“This three-pronged approach was critical,” he adds. “Without it, it might have been more of a short-term Band-Aid, and we really wanted long-term transformative change.”

          The settlement was made possible in part by the years of advocacy by the entire National Prescription Opiate Litigation Plaintiffs’ Executive Committee (PEC)—led by Elizabeth Cabraser of Lieff Cabraser, Jayne Conroy of Simmons Hanly Conroy, Paul Geller of Robbins Geller, Peter Mougey of Levin Papantonio Rafferty, Joe Rice of Motley Rice, Jennifer Scullion of Seeger Weiss, and Chris Seeger of Seeger Weiss—on behalf of their more than 3,300 community clients. This team of lawyers worked for over four years to cultivate collaborative working relationships with the state attorneys general.

          “Fights like these are risky and expensive, but part of our jobs as consumer lawyers is to put it all on the line for the American people,” says Papantonio. “To win this case and bring a modicum of justice to people who’ve been abused by the pharmaceutical industry for decades required a lot of innovation. I’m excited to see how the lessons we learned end up shaping the future of our industry.”

          Mougey says the collaboration piece was especially impressive.

          “So many people worked hard and pulled together because we knew how much it mattered,” he says. “While nothing can truly make whole what was lost in this country, at least we’ve been able to ensure that thousands of communities nationwide have the tools they need to prevent the opioid epidemic from taking more lives.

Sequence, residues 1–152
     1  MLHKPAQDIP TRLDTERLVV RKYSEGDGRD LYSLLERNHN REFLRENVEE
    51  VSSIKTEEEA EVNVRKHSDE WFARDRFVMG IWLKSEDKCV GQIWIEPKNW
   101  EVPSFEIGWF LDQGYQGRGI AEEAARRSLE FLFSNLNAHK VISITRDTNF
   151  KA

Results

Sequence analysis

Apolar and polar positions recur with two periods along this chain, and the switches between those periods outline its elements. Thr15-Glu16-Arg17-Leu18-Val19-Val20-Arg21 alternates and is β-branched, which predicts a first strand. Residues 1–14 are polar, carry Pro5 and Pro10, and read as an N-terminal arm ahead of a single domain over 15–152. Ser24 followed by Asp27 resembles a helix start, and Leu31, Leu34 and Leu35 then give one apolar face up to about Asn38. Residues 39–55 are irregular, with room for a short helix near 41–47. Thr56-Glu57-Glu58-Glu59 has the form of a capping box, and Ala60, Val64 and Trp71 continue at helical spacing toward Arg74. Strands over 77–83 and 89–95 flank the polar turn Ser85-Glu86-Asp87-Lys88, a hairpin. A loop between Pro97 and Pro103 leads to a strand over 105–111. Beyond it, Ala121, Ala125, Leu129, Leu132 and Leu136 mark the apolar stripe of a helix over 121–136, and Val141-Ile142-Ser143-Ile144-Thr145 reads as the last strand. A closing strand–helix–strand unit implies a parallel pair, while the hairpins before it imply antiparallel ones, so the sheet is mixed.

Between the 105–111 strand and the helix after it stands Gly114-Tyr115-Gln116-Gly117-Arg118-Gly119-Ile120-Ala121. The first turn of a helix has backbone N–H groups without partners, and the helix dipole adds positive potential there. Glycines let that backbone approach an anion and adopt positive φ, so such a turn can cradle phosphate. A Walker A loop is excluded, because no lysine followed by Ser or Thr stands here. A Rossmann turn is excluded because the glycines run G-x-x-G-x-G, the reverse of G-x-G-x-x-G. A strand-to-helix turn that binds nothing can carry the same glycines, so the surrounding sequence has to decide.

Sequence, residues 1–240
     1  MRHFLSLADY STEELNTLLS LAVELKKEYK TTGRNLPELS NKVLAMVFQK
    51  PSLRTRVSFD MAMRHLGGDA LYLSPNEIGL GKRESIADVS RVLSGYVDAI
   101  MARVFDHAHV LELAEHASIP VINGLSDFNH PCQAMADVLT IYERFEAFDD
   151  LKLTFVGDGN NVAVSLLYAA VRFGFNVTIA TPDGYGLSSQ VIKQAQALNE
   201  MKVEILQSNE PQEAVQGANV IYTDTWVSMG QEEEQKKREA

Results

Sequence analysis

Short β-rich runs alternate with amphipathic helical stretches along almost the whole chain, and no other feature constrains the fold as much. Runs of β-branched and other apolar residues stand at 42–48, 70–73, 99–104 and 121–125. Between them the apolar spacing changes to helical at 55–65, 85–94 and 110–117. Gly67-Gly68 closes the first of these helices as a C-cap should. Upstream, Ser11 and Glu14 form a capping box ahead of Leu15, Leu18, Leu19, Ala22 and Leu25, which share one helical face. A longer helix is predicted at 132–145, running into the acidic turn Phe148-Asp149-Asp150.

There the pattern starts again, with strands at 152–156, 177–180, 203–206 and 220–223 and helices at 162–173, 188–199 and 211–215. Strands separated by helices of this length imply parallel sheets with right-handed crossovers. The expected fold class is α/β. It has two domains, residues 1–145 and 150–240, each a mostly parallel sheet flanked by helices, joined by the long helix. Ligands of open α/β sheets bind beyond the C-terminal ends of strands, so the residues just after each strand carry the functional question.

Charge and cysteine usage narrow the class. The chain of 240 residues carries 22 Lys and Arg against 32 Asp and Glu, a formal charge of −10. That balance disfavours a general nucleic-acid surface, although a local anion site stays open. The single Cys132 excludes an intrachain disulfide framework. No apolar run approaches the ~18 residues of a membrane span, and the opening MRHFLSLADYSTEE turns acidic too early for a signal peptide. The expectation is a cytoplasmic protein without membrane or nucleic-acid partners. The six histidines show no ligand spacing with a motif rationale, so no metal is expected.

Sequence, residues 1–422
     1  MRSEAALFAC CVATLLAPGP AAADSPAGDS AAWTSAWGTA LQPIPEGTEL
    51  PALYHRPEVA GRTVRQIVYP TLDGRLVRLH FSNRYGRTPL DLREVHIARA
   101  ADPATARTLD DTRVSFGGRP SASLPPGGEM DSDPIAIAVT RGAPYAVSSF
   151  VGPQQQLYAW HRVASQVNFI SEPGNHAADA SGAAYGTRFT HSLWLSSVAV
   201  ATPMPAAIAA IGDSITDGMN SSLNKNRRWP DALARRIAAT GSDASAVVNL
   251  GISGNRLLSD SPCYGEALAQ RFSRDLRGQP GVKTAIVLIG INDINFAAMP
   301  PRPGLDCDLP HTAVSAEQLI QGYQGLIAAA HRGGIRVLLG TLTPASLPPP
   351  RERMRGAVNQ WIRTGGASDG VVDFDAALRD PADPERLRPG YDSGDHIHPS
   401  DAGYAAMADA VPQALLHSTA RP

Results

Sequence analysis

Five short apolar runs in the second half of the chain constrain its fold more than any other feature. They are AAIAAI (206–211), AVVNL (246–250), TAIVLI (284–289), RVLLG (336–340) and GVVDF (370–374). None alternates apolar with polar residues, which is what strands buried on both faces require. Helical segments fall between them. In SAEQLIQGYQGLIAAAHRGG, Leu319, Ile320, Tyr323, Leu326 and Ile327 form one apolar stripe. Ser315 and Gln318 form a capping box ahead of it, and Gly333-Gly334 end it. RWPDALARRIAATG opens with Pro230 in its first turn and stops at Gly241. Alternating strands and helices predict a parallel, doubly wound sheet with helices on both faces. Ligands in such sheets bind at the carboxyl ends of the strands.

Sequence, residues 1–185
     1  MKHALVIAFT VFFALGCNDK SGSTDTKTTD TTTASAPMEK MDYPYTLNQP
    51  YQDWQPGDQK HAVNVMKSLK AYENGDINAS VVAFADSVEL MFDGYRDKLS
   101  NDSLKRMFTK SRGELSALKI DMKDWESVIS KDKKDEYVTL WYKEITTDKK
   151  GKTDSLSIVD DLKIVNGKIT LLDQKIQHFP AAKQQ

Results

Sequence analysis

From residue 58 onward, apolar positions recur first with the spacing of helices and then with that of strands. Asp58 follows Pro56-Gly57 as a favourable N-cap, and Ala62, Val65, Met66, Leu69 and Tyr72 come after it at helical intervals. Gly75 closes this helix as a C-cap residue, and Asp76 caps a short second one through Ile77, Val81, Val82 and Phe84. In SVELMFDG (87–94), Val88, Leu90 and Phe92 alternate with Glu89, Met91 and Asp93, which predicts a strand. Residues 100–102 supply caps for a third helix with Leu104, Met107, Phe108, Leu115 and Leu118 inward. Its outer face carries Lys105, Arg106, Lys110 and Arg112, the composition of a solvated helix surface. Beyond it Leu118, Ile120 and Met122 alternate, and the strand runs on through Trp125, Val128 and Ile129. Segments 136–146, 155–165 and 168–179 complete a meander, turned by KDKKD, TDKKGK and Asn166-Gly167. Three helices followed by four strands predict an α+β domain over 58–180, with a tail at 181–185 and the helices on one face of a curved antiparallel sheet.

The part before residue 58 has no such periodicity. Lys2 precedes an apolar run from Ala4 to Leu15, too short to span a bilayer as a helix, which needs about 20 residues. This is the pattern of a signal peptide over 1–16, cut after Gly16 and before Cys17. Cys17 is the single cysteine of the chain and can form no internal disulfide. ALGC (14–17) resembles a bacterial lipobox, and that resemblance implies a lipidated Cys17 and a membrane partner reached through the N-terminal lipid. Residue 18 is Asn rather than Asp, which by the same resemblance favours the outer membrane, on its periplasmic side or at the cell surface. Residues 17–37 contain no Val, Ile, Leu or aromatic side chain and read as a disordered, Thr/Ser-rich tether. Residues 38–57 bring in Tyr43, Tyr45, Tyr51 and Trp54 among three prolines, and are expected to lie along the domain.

“I’m so grateful to have been involved in this once-in-a-lifetime case that will surely have a major impact on one of the biggest social issues of our time,” he adds.

          The settlement is the first of its kind to administer resources directly to state and local governments specifically for relief programs to help rebuild after the devastation caused by the opioid epidemic. Funds will be distributed based on population adjusted for the proportionate share of the opioid epidemic impact. The share of the impact is calculated using detailed and objective national data, including the amount of opioids shipped to the state, the number of opioid-related deaths that occurred in the state, and the number of people who suffer opioid use disorder in the state.

          “There’s no corner of this country untouched by the opioid epidemic, yet areas like Kentucky, Alabama, and our home in Northwest Florida have been disproportionately affected,” says Rafferty. “They especially deserve justice. It was all about profits with these drug companies, and it’s so good to see they’re being held accountable in a way that helps the victims at least start to turn things around.”

          Mougey expresses his gratitude for the people, companies, and communities that were willing to come to the table and make this settlement happen. He says it’s unfortunate that other companies—namely Walgreens, CVS, and Walmart—continue to litigate.

          “Corporate social responsibility is one of the biggest success drivers in today’s marketplace,” he adds. “Citizens are watching. Young people, in particular, are watching. When corporations are willing to do the right thing, they win in the long run. And in this case, America’s suffering communities win, too.”